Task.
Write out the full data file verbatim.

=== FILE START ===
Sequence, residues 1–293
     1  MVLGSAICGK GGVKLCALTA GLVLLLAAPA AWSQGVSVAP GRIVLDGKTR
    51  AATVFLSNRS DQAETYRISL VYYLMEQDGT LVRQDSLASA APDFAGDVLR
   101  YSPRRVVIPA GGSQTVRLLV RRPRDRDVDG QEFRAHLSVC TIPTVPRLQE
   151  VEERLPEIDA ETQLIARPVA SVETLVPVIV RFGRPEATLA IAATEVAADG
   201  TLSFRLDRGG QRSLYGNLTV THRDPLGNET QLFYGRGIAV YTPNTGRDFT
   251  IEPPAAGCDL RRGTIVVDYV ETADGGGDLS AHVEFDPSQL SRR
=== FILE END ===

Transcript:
Sequence, residues 1–293
     1  MVLGSAICGK GGVKLCALTA GLVLLLAAPA AWSQGVSVAP GRIVLDGKTR
    51  AATVFLSNRS DQAETYRISL VYYLMEQDGT LVRQDSLASA APDFAGDVLR
   101  YSPRRVVIPA GGSQTVRLLV RRPRDRDVDG QEFRAHLSVC TIPTVPRLQE
   151  VEERLPEIDA ETQLIARPVA SVETLVPVIV RFGRPEATLA IAATEVAADG
   201  TLSFRLDRGG QRSLYGNLTV THRDPLGNET QLFYGRGIAV YTPNTGRDFT
   251  IEPPAAGCDL RRGTIVVDYV ETADGGGDLS AHVEFDPSQL SRR